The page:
• Neck: They use Spatial pyramid pooling (SPP) and Path Aggregation Network (PAN). The latter is not identical to the original PAN, but a modified version which replaces the addition with a concat. Illustration shows this:

Originally in PAN paper, after reducing the size of N4 to have the same spatial size as P5, they add this new down-sized N4 with P5. This is repeated at all levels of 𝑃𝑖+1 and 𝑁𝑖 to produce 𝑁𝑖+1. In YOLO v4 instead of adding 𝑁𝑖 with each 𝑃𝑖+1, they concatenate them (as shown in the image above).

Looking at the SPP module, it basically performs max-pooling over the 19*19*512 feature map with different kernel sizes k = { 5, 9, 13} and ‘same’ padding ( to keep the same spatial size). The four corresponding feature maps get then concatenated to form a 19*19*2048 volume. This increases the neck receptive field, thus improving the model accuracy with negligible increase of inference time.

If you want to visualize different layers used in yolo, like in the image above, I recommend using this tool (either web/desktop version works) and then opening yolov4.cfg with it.

  • Head: They use the same as YOLO v3.

These are the heads applied at different scales of the network, for detecting different-size objects. The number of channels is 255 because of (80 classes + 1 for objectness + 4 coordinates) * 3 anchors.

Summary BoF and BoS used

The different modules/methods of BoF and BoS used in the backbone and in the detector of YOLO v4 can be summarized as follows:

Additional Improvements

The authors of the paper introduce a new method of data augmentation called ‘Mosaic’. Basically this combines 4 images of the training dataset in 1 image. By doing this now:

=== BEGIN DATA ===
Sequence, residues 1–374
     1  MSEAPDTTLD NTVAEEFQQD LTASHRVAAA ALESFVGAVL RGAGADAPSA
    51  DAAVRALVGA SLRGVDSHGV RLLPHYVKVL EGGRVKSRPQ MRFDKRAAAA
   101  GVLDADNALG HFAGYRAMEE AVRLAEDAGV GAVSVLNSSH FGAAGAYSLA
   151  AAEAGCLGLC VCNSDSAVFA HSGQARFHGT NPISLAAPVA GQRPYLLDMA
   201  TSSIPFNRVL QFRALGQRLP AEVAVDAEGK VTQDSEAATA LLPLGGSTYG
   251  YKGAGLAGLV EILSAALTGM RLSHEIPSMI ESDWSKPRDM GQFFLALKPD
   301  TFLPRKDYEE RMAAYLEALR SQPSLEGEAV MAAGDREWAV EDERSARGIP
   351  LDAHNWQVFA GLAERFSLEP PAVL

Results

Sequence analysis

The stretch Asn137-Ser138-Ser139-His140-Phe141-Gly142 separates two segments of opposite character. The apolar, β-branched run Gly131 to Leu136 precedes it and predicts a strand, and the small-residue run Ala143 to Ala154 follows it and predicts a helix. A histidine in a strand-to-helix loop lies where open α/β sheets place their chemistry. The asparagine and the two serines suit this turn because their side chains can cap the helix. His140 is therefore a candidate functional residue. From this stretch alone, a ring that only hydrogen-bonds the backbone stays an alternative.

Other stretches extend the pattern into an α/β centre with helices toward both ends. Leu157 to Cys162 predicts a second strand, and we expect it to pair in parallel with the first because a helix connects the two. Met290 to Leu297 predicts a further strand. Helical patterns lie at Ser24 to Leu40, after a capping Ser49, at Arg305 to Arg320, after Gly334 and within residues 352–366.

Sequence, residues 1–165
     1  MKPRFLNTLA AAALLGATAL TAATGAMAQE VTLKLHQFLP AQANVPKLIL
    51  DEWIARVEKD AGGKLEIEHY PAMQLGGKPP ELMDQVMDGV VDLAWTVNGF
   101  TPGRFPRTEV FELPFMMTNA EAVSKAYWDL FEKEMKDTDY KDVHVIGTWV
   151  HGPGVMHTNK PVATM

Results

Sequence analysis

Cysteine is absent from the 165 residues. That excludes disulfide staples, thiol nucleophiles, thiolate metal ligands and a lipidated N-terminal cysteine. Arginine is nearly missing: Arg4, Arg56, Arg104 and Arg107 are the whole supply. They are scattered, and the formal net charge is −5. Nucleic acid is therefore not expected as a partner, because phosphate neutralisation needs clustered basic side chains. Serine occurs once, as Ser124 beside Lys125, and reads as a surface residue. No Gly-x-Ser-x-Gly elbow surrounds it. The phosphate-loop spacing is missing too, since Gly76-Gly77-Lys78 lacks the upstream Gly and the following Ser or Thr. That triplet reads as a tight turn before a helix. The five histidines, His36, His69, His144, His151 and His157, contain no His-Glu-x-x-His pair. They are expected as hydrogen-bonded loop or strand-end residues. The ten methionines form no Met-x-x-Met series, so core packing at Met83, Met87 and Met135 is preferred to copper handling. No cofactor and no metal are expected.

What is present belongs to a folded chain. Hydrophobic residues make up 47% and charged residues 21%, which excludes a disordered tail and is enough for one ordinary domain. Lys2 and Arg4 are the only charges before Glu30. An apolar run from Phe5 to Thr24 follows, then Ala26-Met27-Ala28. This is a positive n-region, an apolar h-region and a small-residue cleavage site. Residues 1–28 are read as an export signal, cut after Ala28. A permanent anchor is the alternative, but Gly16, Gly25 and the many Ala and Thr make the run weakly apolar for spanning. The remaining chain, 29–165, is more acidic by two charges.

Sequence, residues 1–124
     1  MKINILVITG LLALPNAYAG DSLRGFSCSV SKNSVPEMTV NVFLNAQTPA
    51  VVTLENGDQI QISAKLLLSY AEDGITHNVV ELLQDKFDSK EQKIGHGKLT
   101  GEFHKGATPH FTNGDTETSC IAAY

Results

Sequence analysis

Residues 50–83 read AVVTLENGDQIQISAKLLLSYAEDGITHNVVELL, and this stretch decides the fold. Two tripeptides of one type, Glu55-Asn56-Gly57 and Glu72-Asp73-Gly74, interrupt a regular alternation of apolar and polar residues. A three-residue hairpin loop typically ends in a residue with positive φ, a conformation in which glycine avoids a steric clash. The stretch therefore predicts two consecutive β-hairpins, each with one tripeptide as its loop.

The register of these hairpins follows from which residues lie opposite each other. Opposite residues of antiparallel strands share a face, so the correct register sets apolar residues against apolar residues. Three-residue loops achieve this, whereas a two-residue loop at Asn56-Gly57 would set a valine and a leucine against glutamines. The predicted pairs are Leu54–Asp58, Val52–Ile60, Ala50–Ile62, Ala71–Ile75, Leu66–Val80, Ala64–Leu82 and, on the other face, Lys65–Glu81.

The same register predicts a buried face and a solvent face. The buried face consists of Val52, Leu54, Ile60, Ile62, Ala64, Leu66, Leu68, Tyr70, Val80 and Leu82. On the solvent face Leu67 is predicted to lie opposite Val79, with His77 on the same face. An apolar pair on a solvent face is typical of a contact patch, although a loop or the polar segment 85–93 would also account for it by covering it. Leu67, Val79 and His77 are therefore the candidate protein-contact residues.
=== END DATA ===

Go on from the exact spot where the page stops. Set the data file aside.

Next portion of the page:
Batch normalization calculates activation statistics from 4 different images on each layer [5]

And so, it greatly reduces the need of selecting a large mini-batch size for training. Checkout following image, showing the new augmentation method.

They also use Self-Adversarial Training (SAT), which operates in 2 forward backward stages. In the 1st stage the neural network alters the original image instead of the network weights. In this way the neural network executes an adversarial attack on itself, altering the original image to create the deception that there is no desired object on the image. In the 2nd stage, the neural network is trained to detect an object on this modified image in the normal way. [5]

Colab Demo

I made a Colab for testing YOLO v4 & tiny version on your own videos. This uses the model trained on MS COCO. You can take a look here


There are many interesting ideas mentioned in this article which could be explained in much more detail, but I hope the main concepts are clear.

Further details can be found in the paper. If you want to train it on your own dataset, check out the official repo.

YOLO v4 achieves state-of-the-art results (43.5% AP) for real-time object detection and is able to run at a speed of 65 FPS on a V100 GPU. If you want less accuracy but much higher FPS, checkout the new Yolo v4 Tiny version at the official repo.